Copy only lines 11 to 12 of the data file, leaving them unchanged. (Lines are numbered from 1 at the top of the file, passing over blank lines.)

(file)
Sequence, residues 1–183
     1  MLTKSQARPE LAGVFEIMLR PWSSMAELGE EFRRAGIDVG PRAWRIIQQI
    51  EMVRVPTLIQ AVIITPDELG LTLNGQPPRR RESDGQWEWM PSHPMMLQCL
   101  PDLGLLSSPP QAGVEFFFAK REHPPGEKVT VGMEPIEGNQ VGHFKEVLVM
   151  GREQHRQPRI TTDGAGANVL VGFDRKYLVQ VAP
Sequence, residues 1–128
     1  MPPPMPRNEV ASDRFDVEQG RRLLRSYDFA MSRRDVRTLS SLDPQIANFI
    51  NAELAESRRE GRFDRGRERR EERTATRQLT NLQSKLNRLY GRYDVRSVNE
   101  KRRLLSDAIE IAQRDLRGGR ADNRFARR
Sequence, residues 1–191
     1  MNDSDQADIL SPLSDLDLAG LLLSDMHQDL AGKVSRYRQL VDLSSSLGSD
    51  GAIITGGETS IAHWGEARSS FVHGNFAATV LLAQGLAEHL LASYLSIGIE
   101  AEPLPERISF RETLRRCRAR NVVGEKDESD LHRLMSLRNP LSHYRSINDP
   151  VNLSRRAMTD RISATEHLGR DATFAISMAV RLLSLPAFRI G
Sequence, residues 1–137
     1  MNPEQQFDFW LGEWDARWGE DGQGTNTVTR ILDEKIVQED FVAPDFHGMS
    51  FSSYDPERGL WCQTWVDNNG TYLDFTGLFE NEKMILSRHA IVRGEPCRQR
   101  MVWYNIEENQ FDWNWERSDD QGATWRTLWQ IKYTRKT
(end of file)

     1  MNDSDQADIL SPLSDLDLAG LLLSDMHQDL AGKVSRYRQL VDLSSSLGSD
    51  GAIITGGETS IAHWGEARSS FVHGNFAATV LLAQGLAEHL LASYLSIGIE